The long arm of the law
Breaches of the new CoR laws also carry similar penalties to those under OH&S laws, set at a maximum $3 million fine for a corporation and $300,000 or five years’ imprisonment, or both, for an individual.
Penalties will be based on the severity of risk posed by an offence. What’s more, a business can be investigated at any time. The National Heavy Vehicle Regulator (NHVR) doesn’t have to wait for a serious accident to trigger an investigation – they are at liberty to launch a prosecution against any supply chain business, any time. So your clients need to be ready.
“This is a valuable opportunity for brokers to actively engage in discussions with their clients around the importance of proactive risk management and encourage a safety culture in supply chain businesses,” says Smith.
“The CoR now requires active use of safety management systems to reduce risk on the road, so brokers should also be working to develop their understanding of who’s in the supply chain and increase their awareness around practical tools and tips to manage and reduce risk – whether that’s safety policies and tools, or advanced telematics with real-time reporting.
“Encouraging clients to document a simple risk register that assesses their key risks and lists what actions or controls they use or should use to manage is a great start.”
NTI is also in the process of developing their own risk and resilience tools, including an online CoR Health Check with the aim of building stronger businesses backed by safer drivers and vehicles. The tool will produce indicative scoring across the key CoR areas of risk, highlighting key gaps to manage while providing access to simple, self-managed risk tools and tips to help businesses understand what options are available to them.
Zurich’s Dendrinos, too, says that being open to new technologies will help businesses stay on the right side of the law. “We’ve seen an increase in the adoption of new technologies to manage fatigue, for example,” he says. “Machines that monitor facial expressions and eye movement to alert drivers when they need a rest. Elsewhere, some operators are beginning to consider lowering the speed limit on their fleets to 90km/h and implementing telematics systems to monitor harsh braking, accelerating and cornering.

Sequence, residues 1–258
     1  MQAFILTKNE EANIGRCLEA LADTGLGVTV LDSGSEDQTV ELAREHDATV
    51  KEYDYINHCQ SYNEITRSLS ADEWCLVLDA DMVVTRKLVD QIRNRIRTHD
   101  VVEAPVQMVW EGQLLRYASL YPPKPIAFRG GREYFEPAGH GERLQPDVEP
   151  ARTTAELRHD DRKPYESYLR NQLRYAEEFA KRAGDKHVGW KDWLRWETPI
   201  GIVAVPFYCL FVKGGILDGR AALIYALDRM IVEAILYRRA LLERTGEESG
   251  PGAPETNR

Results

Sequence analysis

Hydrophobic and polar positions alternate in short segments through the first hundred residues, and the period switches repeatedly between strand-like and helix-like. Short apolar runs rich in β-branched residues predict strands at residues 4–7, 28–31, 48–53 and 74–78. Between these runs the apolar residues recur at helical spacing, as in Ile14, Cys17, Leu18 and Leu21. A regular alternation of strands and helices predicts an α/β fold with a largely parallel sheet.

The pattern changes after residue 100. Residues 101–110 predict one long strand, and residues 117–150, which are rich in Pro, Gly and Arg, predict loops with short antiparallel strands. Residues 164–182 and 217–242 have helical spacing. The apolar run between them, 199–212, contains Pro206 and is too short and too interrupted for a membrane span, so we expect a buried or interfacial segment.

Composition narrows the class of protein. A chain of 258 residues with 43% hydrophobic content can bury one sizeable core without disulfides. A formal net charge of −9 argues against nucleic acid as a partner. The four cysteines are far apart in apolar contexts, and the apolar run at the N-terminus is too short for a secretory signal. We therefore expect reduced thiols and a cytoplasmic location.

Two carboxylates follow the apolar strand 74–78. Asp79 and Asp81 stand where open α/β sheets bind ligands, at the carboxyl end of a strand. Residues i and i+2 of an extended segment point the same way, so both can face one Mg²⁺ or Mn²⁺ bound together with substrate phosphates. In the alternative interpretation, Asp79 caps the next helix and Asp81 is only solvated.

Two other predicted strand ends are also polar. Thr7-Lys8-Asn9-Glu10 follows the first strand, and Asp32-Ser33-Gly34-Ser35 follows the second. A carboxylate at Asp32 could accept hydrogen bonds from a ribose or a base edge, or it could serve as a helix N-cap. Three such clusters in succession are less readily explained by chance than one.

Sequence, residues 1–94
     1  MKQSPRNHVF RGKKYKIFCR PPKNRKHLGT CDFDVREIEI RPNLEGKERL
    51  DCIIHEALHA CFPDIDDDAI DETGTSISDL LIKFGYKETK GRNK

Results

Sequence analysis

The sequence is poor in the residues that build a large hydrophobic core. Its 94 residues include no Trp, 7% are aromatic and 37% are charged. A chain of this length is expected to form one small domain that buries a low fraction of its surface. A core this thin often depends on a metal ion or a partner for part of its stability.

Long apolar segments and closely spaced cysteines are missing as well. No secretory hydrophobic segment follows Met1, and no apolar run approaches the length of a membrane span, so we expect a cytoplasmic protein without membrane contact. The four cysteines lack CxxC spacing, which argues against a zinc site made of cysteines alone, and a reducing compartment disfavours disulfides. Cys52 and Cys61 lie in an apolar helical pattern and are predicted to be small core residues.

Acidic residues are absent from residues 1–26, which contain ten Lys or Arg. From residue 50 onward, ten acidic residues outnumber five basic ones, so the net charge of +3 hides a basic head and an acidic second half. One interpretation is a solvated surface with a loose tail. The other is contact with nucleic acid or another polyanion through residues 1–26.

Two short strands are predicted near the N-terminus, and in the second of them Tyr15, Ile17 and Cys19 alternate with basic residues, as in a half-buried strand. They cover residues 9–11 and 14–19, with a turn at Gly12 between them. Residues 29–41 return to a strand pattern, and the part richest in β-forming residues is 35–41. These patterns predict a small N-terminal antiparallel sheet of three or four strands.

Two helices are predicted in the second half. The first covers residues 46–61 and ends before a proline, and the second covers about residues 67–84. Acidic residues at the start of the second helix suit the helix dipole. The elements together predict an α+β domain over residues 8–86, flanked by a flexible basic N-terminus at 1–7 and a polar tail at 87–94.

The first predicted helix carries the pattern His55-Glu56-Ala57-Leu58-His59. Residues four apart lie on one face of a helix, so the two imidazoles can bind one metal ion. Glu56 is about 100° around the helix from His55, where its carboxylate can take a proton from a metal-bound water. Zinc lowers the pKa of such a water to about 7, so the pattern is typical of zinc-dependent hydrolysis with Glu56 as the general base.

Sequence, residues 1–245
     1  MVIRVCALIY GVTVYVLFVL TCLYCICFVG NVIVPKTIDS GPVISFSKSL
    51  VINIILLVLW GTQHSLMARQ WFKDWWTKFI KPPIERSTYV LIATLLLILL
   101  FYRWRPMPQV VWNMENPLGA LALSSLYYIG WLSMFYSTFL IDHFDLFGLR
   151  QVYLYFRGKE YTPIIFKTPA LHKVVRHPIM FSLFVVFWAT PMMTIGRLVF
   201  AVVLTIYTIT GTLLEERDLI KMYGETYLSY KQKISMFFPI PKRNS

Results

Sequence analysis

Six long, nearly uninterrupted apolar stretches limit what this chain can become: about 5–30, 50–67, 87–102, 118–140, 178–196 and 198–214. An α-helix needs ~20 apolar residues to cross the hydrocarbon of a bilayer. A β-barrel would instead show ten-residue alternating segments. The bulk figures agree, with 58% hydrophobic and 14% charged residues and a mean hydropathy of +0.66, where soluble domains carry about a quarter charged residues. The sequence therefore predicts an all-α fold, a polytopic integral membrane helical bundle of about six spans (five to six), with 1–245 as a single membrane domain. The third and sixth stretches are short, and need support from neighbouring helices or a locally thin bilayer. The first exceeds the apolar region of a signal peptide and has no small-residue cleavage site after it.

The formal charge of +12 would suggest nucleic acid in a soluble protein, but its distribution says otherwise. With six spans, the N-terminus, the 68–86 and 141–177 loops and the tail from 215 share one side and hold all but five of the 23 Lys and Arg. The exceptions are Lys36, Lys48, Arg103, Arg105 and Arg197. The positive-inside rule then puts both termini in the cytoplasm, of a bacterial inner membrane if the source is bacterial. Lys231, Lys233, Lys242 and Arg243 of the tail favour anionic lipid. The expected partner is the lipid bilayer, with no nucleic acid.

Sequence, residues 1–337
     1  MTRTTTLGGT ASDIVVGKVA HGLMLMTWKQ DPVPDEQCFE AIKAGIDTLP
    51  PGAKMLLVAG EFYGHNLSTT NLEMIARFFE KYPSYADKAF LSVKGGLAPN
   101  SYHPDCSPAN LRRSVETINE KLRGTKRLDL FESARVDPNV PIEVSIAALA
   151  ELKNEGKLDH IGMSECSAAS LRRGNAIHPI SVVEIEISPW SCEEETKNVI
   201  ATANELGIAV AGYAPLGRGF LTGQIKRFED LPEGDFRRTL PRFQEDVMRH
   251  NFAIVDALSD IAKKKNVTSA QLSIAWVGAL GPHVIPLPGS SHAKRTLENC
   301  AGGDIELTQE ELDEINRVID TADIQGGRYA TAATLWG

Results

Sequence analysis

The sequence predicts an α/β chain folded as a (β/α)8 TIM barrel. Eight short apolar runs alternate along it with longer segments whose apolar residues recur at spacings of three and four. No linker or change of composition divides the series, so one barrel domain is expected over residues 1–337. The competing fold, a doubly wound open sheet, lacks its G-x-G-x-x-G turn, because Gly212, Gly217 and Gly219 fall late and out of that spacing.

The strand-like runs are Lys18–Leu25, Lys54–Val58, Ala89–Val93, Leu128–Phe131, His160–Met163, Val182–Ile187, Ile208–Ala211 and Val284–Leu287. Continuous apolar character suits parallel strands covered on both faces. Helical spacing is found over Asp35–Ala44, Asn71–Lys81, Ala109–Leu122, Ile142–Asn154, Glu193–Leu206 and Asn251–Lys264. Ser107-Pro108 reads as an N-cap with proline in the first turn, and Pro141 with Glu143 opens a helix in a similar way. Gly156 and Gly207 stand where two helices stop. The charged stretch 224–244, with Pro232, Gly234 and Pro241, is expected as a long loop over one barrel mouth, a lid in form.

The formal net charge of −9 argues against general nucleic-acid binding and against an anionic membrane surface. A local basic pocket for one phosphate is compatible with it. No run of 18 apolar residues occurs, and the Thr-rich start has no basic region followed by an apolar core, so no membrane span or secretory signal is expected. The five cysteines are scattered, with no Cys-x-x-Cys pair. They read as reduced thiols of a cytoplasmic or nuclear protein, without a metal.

In regards to load management, things that good operators are already doing like inspecting restraints and weighing all loads before trips should one day become the industry norm.”
When it comes to responding to risk and safety, the message to transport operators is if you could have done something, you should have done something.
The changes to the CoR laws offer up a real opportunity for businesses and brokers alike to raise awareness of the simple tools and tips the heavy vehicle industry can adopt in order to keep not only their drivers, but every single person involved in the supply chain, safe. Safe loading or driver assessment checklists, industry resources such as the Load Restraint Guide or information outlined on the NHVR website, have been put in place to ensure a smooth and simple transition towards compliance.
And, while it’s difficult to predict with absolute accuracy how these laws will play out once in place, they’re a positive step towards enhancing safety and accountability across the entire sector.
For a more in-depth guide to the new reforms in the HVNL and CoR laws, visit NHVR.